HIPAA Security Policies and Procedures

Posted on Jul 11, 2016

Contributed by John S. Conniff

Business Associates who fail to conduct health information risk assessments and adopt required security policies and procedures face a growing threat of discovery and fines. Catholic Health Care Services of the Archdiocese of Philadelphia (CHCS) got more than a prayerful penance after violating HIPAA rules. The $650,000 fine imposed by HHS arose from the reported theft of a CHCS issued, unencrypted iPhone that was not even password protected. What?

“Catholic Health Care Services of the Archdiocese of Philadelphia (CHCS) has agreed to settle potential violations of the Health Insurance Portability and Accountability Act of 1996 (HIPAA) Security Rule after the theft of a CHCS mobile device compromised the protected health information (PHI) of hundreds of nursing home residents.  CHCS provided management and information technology services as a business associate to six skilled nursing facilities. The total number of individuals affected by the combined breaches was 412.  The settlement includes a monetary payment of $650,000 and a corrective action plan.

Business associates must implement the protections of the HIPAA Security Rule for the electronic protected health information they create, receive, maintain, or transmit from covered entities,” said U.S. Department of Health and Human Services Office for Civil Rights (OCR) Director Jocelyn Samuels.  “This includes an enterprise-wide risk analysis and corresponding risk management plan, which are the cornerstones of the HIPAA Security Rule.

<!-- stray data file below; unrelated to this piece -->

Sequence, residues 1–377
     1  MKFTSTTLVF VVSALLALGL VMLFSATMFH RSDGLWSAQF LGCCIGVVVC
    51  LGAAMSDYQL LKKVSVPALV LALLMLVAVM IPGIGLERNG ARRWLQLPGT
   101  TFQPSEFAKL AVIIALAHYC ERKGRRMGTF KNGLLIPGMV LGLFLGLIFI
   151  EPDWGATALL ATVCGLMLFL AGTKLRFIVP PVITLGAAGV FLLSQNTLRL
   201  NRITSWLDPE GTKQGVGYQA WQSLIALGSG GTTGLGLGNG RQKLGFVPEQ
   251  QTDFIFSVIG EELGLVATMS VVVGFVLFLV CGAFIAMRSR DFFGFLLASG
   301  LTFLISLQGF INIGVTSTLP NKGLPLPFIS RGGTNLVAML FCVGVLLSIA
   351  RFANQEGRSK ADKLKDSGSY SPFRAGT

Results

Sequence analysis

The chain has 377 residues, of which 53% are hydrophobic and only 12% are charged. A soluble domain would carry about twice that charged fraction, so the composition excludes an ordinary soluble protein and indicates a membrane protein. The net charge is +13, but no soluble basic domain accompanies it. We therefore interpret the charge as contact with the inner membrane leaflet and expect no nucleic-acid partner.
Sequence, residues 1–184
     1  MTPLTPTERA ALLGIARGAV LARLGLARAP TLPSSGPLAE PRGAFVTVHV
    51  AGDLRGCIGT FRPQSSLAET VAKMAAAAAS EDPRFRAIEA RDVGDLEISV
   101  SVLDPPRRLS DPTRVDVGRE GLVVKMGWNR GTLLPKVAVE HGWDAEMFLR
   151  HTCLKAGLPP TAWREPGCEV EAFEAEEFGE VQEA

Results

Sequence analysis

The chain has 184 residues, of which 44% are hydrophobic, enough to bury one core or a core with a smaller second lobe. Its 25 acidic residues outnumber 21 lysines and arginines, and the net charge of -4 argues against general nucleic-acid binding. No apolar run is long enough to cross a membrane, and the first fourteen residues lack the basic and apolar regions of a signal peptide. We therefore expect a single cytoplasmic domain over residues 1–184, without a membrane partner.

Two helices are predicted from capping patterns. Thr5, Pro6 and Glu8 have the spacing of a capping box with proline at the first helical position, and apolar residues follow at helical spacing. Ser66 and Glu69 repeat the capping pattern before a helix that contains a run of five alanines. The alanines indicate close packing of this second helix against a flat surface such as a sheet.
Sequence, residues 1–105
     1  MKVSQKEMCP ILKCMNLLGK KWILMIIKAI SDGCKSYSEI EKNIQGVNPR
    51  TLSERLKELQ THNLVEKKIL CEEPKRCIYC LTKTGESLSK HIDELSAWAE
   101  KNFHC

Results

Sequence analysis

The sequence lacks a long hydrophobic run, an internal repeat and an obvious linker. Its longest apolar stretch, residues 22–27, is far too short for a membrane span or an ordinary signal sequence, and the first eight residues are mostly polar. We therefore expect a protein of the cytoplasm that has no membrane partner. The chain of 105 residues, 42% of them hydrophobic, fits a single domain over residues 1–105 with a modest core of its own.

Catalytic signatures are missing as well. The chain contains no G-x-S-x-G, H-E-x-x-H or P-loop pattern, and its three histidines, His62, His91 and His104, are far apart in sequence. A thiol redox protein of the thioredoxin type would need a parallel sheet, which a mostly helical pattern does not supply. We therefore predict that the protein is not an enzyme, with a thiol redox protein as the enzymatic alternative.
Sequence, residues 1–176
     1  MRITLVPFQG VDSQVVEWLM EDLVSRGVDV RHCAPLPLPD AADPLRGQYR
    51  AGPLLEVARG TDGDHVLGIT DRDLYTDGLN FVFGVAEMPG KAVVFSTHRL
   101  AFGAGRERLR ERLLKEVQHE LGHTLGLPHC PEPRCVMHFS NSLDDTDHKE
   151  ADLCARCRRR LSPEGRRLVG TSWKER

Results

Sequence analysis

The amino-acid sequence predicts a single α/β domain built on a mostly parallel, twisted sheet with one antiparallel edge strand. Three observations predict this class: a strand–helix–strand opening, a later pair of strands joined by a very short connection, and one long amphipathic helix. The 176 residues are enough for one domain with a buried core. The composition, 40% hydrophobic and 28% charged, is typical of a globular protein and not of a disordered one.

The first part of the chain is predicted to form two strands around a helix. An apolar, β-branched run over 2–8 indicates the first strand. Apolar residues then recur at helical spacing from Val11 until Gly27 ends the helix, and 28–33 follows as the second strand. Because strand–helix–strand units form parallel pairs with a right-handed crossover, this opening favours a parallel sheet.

OCR initiated its investigation on April 17, 2014, after receiving notification that CHCS had experienced a breach of PHI involving the theft of a CHCS-issued employee iPhone.  The iPhone was unencrypted and was not password protected.  The information on the iPhone was extensive, and included social security numbers, information regarding diagnosis and treatment, medical procedures, names of family members and legal guardians, and medication information.

At the time of the incident, CHCS had no policies addressing the removal of mobile devices containing PHI from its facility or what to do in the event of a security incident; OCR also determined that CHCS had no risk analysis or risk management plan.” [Emphasis added, HHS Enforcement Announcement]

In their settlement with HHS, Catholic Health Care Services agreed to adopt and implement at a minimum the following security policies regarding:

  1. encryption of ePHI,
  2. password management,
  3. security incident response,
  4. mobile device controls,
  5. information system review,
  6. security reminders,
  7. log-in monitoring,
  8. a data backup plan,
  9. a disaster recovery plan,
  10. an emergency mode operation plan,
  11. testing and revising of contingency plans,
  12. applications and data criticality analysis,
  13. automatic log off,
  14. audit controls, and
  15. integrity controls. [CHCS Resolution Agreement]

Business associates should have implemented security policies and procedures years ago. Waiting or ignoring these requirements will get more expensive as HHS increases enforcement efforts. If you have sensitive data, assess the risk and protect the data. There’s no excuse for the failure to implement even rudimentary protection of customer data with so many hackers hunting the information.

Only the excessively rich and terminally clueless ignore data security laws.

 

Source: John Conniff, www.conniff.com